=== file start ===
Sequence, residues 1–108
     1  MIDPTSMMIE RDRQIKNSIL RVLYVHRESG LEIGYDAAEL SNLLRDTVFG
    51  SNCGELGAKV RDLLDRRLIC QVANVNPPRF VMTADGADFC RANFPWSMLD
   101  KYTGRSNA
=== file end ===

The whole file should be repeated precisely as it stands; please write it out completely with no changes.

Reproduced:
Sequence, residues 1–108
     1  MIDPTSMMIE RDRQIKNSIL RVLYVHRESG LEIGYDAAEL SNLLRDTVFG
    51  SNCGELGAKV RDLLDRRLIC QVANVNPPRF VMTADGADFC RANFPWSMLD
   101  KYTGRSNA